Another castle Rustaq, recently-restored and rising from a rocky plain, was originally constructed more than a thousand years ago in the pre-Islamic era, possibly by the Persians. It was extended in the 16th century by the ruling Imam who is buried within its walls. Its crawling room only to enter the castle's dusty old cells, and time-worn stone steps lead down to the bat-haunted bowels of the castle where an old waterway runs in and out of tunnels. The disturbed bats zooming into passages certainly lend the castle a sort of Transylvanian spookiness, though it's hard to feel creeped out in the white hot sunshine. The most interesting aspect of the castle, for me, was the secret tunnels running from the second floor deep underground and all the way to Al Hazim fort and the sea. Apparently they have been closed off for now, but what a thrill it would be to explore them.
After a quick pause at Nakhal Fort, possibly the most photogenic and archetypal of the sand castles, with views across the palm-tufted plantations to the distant rust-coloured Hajar, we visited one of Batinah's most beautiful spots.
The oasis of Ain Thowarah appears like a miraculous mountain stream with banks swathed in green where I felt a little of the authentic sublime wash over me. A family were picnicking under a tree and a few locals luxuriated in a square bathing pool where the spring rushes forth into the ravine. We plonked ourselves down on rounded rocks at the edge of the water and dipped our toes in to let the resident ‘doctor fish' nibble away at any rough skin – easily the best pedicure I've ever had.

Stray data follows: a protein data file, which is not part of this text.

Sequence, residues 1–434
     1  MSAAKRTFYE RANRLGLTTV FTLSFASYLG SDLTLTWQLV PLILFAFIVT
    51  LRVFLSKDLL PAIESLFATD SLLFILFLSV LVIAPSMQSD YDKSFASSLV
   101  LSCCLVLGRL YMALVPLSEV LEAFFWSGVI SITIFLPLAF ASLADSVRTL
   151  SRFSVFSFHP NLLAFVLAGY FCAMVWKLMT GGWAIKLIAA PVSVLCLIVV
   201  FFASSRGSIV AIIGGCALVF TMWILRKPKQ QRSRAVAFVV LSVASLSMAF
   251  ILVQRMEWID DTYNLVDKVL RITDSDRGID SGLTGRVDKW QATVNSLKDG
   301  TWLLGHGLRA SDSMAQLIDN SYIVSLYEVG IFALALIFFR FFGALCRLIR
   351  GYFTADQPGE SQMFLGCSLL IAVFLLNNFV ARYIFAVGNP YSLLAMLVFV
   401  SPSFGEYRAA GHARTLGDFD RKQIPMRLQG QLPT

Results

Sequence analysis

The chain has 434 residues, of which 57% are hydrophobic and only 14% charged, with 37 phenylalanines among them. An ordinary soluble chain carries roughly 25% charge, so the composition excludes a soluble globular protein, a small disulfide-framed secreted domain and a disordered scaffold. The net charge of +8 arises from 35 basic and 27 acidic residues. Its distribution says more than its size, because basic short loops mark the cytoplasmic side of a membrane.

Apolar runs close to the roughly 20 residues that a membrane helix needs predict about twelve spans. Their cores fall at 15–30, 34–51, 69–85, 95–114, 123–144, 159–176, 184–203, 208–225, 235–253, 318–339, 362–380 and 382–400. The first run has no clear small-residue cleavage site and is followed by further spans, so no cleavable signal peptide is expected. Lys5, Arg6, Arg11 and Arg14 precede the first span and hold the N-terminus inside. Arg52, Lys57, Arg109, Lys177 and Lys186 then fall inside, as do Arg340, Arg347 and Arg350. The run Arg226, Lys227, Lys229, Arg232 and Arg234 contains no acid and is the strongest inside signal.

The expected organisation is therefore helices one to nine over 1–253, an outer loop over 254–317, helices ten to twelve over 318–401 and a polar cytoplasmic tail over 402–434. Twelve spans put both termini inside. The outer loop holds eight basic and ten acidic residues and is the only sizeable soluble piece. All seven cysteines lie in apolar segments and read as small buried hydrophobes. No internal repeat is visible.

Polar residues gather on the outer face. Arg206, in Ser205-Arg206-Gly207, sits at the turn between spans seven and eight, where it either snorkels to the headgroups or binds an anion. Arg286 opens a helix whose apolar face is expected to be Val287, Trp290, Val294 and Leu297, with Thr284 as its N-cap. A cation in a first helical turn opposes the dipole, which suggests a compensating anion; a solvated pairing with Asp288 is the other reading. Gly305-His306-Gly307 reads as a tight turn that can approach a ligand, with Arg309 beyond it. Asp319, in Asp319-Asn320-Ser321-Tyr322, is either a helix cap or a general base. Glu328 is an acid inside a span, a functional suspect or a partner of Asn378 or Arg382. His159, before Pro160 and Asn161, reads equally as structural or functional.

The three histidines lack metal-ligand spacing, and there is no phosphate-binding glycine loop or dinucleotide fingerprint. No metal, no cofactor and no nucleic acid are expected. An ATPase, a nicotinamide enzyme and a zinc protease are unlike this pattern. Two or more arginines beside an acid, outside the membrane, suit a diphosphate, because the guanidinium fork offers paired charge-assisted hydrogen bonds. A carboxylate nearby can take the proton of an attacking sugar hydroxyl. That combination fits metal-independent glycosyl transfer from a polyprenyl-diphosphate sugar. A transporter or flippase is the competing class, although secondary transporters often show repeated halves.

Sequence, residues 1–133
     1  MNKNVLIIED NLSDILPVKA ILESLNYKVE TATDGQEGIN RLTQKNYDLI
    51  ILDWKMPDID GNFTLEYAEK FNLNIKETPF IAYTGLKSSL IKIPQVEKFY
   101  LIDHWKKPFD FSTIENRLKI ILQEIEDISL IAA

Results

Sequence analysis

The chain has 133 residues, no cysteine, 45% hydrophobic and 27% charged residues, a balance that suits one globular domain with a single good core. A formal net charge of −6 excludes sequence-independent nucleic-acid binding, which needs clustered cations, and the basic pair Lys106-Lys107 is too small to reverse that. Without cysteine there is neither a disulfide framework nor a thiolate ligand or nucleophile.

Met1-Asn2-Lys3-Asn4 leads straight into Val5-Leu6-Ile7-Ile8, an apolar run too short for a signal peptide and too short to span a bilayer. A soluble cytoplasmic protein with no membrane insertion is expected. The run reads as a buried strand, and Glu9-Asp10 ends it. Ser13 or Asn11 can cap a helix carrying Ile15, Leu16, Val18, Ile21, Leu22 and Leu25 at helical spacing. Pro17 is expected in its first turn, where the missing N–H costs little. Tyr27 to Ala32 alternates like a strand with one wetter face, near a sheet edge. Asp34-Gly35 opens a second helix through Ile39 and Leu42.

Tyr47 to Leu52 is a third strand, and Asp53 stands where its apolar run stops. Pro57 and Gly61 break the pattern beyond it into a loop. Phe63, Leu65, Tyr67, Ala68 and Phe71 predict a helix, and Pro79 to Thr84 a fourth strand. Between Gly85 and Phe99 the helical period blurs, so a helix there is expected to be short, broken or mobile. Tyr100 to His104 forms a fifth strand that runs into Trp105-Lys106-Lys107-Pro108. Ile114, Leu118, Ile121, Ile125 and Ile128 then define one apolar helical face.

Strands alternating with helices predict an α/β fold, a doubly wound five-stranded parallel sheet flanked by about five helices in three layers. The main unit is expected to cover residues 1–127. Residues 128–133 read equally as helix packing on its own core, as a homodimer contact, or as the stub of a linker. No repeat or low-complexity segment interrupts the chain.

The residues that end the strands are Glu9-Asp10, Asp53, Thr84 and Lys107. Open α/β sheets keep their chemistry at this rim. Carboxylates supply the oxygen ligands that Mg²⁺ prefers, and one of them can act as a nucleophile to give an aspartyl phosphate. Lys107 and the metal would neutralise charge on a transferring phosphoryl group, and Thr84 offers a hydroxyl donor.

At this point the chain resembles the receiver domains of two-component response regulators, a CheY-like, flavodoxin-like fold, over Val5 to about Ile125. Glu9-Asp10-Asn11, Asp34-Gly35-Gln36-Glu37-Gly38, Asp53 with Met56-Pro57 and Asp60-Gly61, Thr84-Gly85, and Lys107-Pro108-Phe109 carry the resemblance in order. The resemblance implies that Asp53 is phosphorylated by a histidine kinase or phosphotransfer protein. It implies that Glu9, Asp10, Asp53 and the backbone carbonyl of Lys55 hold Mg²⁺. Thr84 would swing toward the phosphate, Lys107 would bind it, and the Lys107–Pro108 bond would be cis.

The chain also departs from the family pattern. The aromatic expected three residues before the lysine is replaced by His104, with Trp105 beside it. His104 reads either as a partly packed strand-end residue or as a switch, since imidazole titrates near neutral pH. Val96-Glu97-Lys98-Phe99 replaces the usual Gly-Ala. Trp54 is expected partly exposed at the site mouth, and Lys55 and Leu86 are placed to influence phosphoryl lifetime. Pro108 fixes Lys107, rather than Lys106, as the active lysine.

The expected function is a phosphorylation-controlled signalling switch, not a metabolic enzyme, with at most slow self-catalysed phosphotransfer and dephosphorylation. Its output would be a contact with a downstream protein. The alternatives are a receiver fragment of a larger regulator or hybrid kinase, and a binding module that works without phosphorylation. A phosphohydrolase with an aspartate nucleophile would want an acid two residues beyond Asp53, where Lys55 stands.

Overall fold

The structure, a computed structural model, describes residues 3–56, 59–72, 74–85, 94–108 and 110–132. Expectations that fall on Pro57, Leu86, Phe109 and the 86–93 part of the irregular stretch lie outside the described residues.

A short shaky ride in a hardy landcruiser along the gravelly bed of Wadi Far took us into another world – a Mars-like landscape hemmed in by mini mountains of glittering sand. Here on a sandy plateau we settled in at Dunes by Al Nadha Camp – glamping at its finest. As well as offering luxury tents with all mod cons, the camp makes a convenient base for enjoying the dunes, with phenomenal views from every angle. The chic open-sided dining area is the heart of the camp, but there's also a spa, cosy niches for romantic stargazers and a luxury gazebo where you can just sit and stare in awe at nature's majesty. Strangely I rediscovered my love for bicycles at the camp, taking one of the free hire bikes for a spin and happily zooming up and down the undulating paths as the winds stirred from the desert floor.